If it bleeds, it leads? Changing death coverage in The New Zealand Herald
AbstractDeath has become more prominent in the news in the past four decades. Articles about a murder or accident, which in the past may have featured on page five or seven of daily newspapers, now often take up all of the front page of The New Zealand Herald. New categories have also emerged, including the threat of death or near death. This is evident from the increase in human interest stories which not only report the details of the incident but also capture emotion. This article follows the increased visibility of death stories on the front page of New Zealand’s largest newspaper, The New Zealand Herald, and investigates how that coverage has changed over time. International scholars have examined the visibility of death in the media closely. However, research is sparse about exactly how this large body of work correlates with New Zealand print media. Therefore, this study aims to close this gap by using content analysis to discuss the prominence of death in The New Zealand Herald over four decades from the 1970s, and the reasons for increased coverage of threats of death or near death.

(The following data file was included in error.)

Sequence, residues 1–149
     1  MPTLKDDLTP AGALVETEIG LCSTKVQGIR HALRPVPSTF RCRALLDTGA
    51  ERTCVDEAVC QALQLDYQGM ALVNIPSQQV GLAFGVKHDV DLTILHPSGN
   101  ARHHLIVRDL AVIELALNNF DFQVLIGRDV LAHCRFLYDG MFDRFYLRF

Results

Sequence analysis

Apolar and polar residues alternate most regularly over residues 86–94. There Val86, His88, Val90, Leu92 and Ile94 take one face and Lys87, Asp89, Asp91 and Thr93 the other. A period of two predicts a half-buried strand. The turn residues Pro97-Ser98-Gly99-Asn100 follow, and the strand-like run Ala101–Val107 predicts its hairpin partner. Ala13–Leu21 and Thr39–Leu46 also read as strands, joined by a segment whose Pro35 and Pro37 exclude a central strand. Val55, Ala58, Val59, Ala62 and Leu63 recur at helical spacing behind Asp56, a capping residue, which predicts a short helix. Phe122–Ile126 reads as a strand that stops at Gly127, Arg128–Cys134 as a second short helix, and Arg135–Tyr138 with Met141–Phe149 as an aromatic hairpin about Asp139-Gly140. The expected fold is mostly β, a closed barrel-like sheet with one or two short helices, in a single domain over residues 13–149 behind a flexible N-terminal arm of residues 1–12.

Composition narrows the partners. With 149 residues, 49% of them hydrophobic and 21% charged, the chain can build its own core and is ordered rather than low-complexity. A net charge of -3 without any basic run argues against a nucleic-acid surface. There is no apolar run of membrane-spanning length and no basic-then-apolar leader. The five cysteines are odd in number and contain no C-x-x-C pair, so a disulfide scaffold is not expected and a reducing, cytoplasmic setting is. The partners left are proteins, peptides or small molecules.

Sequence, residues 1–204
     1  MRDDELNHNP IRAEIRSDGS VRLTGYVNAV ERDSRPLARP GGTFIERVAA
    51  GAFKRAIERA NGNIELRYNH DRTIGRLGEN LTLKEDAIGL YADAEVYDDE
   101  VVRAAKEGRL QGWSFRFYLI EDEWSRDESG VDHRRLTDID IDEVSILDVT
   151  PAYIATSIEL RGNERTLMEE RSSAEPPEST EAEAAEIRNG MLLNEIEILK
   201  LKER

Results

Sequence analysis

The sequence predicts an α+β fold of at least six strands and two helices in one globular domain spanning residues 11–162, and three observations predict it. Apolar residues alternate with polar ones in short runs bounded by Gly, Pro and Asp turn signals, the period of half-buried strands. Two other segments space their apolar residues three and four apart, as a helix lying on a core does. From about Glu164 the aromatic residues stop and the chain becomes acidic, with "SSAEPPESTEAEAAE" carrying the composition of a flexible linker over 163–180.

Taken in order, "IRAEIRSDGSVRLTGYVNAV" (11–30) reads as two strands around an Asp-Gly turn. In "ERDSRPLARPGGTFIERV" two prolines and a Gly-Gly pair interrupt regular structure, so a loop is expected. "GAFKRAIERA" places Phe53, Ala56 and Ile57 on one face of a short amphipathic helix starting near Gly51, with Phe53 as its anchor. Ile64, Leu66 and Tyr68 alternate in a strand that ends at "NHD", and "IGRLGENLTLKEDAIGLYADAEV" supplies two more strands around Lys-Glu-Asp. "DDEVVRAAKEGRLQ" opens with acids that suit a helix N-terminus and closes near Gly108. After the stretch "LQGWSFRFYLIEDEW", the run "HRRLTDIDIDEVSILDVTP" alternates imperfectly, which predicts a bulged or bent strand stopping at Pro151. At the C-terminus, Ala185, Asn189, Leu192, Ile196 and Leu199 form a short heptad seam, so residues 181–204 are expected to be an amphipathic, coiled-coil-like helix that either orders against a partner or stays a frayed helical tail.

Copyright (c) 2015 Lyn Barnes, Elesha Edmonds
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